Sunday, January 20, 2019

Welcome to Summit, by Astoria Mayor Bruce Jones

Astoria Mayor Bruce Jones Opening Remarks INCO 1/19/19

Thank you Laurie. Good morning, and on behalf of the City of Astoria, welcome to the beautiful, unique, historic and vibrant place we call home!

If you’re not from here, you should know Astoria has no professional politicians, or lobbyists. There is no upward mobility or payback for those of us who serve at the local level.

Each of Astoria’s City Councilors is motivated by a deep passion for the community, and a desire to use their talents, experience and energy to serve, to the best of their abilities and with the best intentions. The same motivations that brought many of you here today.

And I am just a guy who happens – much to my own surprise – to be Mayor now. I’m not an expert at it, and Lord knows, I make mistakes, from which I try to learn.

The divisiveness and vitriol that permeate national politics, and social media, can seem hopelessly entrenched, as each side digs in to paint the other as the enemy.

I believe that LOCAL community action, government, nonprofits and neighbors offer our best hope for healing the tears in the national fabric. Starting from the bottom up.

Linda and I chose to make Astoria our home because there were so many opportunities to get involved, so many people who volunteer their time in dozens of organizations which collectively make our community more livable, more welcoming and more supportive of those in need. It’s a genuine community. I don’t see divisions of red or blue or purple in organizations like the United Way of Clatsop County, I just see thoughtful, caring people trying to build and nurture community.

This is generally true in towns across America. There’s so much good happening, but it’s buried in the 24 hours news cycle. And while many of you are focusing your energy on critical, national level policy, it’s good to remember that supporting the good and ongoing work of building bridges and reaching out to the less fortunate at the local level is equally, if not more, important.

In preparing for this morning I thought about what issues have been most on my mind over the last week. Because I know literally hundreds of people directly affected by the federal government shutdown, that rose to the top. Last Saturday, I was guest speaker at a memorial service for the few dozen Coast Guard rescuers who have lost their lives attempting to save others on the Oregon Coast over the years.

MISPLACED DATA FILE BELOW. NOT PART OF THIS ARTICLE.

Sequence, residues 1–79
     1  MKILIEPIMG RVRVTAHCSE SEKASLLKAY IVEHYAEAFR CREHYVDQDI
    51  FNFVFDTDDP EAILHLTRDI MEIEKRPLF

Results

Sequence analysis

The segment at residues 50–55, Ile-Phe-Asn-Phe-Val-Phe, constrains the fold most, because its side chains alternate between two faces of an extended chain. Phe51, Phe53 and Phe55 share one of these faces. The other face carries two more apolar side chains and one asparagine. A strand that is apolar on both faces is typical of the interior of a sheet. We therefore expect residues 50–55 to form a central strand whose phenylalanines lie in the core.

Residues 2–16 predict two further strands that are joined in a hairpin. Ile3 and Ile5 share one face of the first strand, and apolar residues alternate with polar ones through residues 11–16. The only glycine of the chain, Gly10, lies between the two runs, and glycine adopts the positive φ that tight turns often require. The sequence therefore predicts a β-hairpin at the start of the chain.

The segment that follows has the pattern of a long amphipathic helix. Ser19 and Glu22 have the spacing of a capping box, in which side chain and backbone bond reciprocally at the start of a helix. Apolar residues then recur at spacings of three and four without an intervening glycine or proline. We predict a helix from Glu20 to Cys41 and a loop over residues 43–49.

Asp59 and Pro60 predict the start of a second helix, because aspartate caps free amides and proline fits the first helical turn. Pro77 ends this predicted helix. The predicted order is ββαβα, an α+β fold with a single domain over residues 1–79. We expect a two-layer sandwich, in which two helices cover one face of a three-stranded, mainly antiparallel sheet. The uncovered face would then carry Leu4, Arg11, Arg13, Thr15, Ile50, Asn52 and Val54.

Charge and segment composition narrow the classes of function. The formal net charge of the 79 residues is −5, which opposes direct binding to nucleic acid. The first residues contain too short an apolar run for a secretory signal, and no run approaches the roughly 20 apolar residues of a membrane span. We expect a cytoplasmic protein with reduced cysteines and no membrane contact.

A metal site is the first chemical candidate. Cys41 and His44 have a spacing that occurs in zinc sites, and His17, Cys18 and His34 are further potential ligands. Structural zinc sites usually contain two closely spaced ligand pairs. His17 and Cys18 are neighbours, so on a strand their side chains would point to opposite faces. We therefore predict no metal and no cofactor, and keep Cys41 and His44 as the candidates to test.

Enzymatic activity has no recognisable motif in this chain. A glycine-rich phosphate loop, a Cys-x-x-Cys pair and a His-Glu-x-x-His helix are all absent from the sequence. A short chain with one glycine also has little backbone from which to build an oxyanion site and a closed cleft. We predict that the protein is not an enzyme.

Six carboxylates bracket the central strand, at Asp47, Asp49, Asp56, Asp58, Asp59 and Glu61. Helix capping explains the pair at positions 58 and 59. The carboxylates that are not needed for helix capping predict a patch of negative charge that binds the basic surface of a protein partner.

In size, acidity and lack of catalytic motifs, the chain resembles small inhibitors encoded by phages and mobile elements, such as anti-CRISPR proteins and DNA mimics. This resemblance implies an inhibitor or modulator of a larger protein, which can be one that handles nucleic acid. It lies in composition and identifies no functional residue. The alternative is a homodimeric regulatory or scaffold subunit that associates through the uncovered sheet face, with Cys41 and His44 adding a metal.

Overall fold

In attendance were active duty Coasties who within the past two weeks have gone out in atrocious weather, in the dark of night, to assist disabled crab boats. Coasties with families at home relying on paychecks which did not arrive on the 15th.

The Coast Guard used to have a saying, “you have to go out, but you don’t have to come back.” In other words, when someone calls for help, you go, even at risk to your own life, because of a devotion to the concept of Service over Self.

Service over Self. Those who accept positions of public trust are rightly held to a higher standard. We are expected to subordinate our own personal desires and agenda to our duty to serve the public.

There’s another issue which has been on my mind. I had a long conversation with a constituent, Maria. Maria is a U.S. citizen married to a Mexican national, Ruben. Ruben came here illegally 24 years ago. He’s been married to Maria for 21 years. Ruben works two and sometimes three jobs to support his family, which includes 3 grandchildren living with them. As most of you know, local employers can’t find enough workers to meet the need around here, and a hard worker who shows up on time and can pass a drug test is a valuable commodity.  

Ruben screwed up last year. He got a DUI. Shouldn’t have done it. But, up until a few years ago, it took a felony or violent crime to trigger detention and deportation. Ruben got picked up by ICE just a few blocks from our courthouse in December. He’s now in a holding cell in Tacoma. His family’s source of income is gone. I don’t see how deporting Ruben, who has been contributing to our economy and supporting his US Citizen family for so many years, is in the national interest.

As I thought about these two issues – the federal government shutdown, and the lowering of the threshold for targeting and detaining those in our country illegally – I began to see them through the lens of the word RIGHT.

On the one hand, the right to do something, and on the other hand, doing the right thing.

Millions of parents every day try to teach their children to do the right thing. Choosing most of the time to do the right thing is the foundation of a civil society.

Our national elected leadership has the right to shutdown the government. But it’s not the right thing to do. The Justice Department has the right to deport Ruben – but it’s not the right thing to do.

Justice, boiled down, is really about choosing to do the right thing, rather than what you CAN do. 

Wouldn’t the world be a more just one, if we all made it a point of pride, to choose first, not what we have the RIGHT to do, but what is the right thing to do?

Thank you.

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